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Thread: WildAid Tiger Claw Champion

  1. #61
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    Who will be the Tiger Claw WildAid Champion 2014?

    Gene Ching
    Publisher www.KungFuMagazine.com
    Author of Shaolin Trips
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  2. #62
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    The 2014 WildAid Tiger Claw Champion is....

    Sen Gao.

    Name:  2014-05-17 at 14-23-41.jpg
Views: 458
Size:  93.5 KB

    Congratulations! Sen Gao flew out from Illinois just for this competition. He only entered in the WildAid Tiger Claw Championship division.
    Gene Ching
    Publisher www.KungFuMagazine.com
    Author of Shaolin Trips
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  3. #63
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    The 2014 WildAid Tiger Claw Champion Sen Gao

    Gene Ching
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  4. #64
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    another vid

    Gene Ching
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  5. #65
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    another vid

    a PSA actually.

    Gene Ching
    Publisher www.KungFuMagazine.com
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  6. #66
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    another vid

    Gene Ching
    Publisher www.KungFuMagazine.com
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  7. #67
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    Blood of the Tiger by by J. A. Mills

    This looks like a very interesting read. Follow the link to hear the NPR story.

    'Blood Of The Tiger': Shedding Light On China's Farmed-Tiger Trade
    January 10, 2015 5:26 PM ET
    NPR Staff

    All Things Considered
    5 min 1 sec


    Blood of the Tiger
    A Story of Conspiracy, Greed, and the Battle to Save a Magnificent Species
    by J. A. Mills

    Hardcover, 286 pages purchase

    In 1991, wildlife investigator J. A. Mills went to China to verify rumors about tiger farming. She worked undercover, for the World Wildlife Fund and an organization called Traffic.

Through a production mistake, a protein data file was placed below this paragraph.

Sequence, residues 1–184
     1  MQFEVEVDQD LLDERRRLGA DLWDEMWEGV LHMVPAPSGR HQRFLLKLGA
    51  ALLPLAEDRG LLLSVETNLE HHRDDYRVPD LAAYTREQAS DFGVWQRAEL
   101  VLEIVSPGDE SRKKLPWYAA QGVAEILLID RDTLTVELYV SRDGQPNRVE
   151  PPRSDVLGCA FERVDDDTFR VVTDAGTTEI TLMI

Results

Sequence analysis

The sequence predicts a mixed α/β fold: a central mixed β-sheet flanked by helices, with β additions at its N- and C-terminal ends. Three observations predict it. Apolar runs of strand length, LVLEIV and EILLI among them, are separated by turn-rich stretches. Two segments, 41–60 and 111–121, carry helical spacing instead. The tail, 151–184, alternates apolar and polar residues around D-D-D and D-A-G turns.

"I mainly pretended I was a student of traditional Chinese medicine to try to figure out not only what was being traded, but why it was being traded," Mills tells NPR's Arun Rath.

    She says she found China's first tiger farm complete with a hand-written ledgers filling up with orders for tiger bone.

    Back then, when tiger trade was first flagged as an issue, the main demand for bone was for use in traditional Chinese medicine. Today, the trade has changed to more of a luxury goods market and Mills says that although China banned the trade of tiger bone in 1993, demand for luxury items still thrives today. She estimates that there are 6,000 tigers on farms in the country.

    In her book Blood of the Tiger, Mills chronicles her decades of work to bring these issues to light and protect these animals.
    Interview Highlights

    On the purpose of tiger farms

    A tiger farm is basically a feed lot for tigers where they're bred like cattle for their parts to make luxury goods such as tiger bone wine and tigerskin rugs. This is about wealth, not health.

    Traditional Chinese medicine no longer uses or wants to use tiger bone and polls repeatedly show that most Chinese people don't want tiger products or tiger farming. This is about a handful of investors poised to launch a multi-billion-dollar-a-year luxury goods market. This about products looking a market, rather than a market looking for products.


    J.A. Mills is a consultant to the MacArthur Foundation and lives in Washington, D.C.
    Scott Henrichsen/Beacon Press

    On the conditions for tigers at the farms

    Tigers in the wild are solitary, of course, except when ... they're mothers with cubs. These [farmed] tigers are basically kept in cages. They are speed-bred. Cubs are taken from their mothers almost right after birth so the mothers can breed again. And the males run around in packs.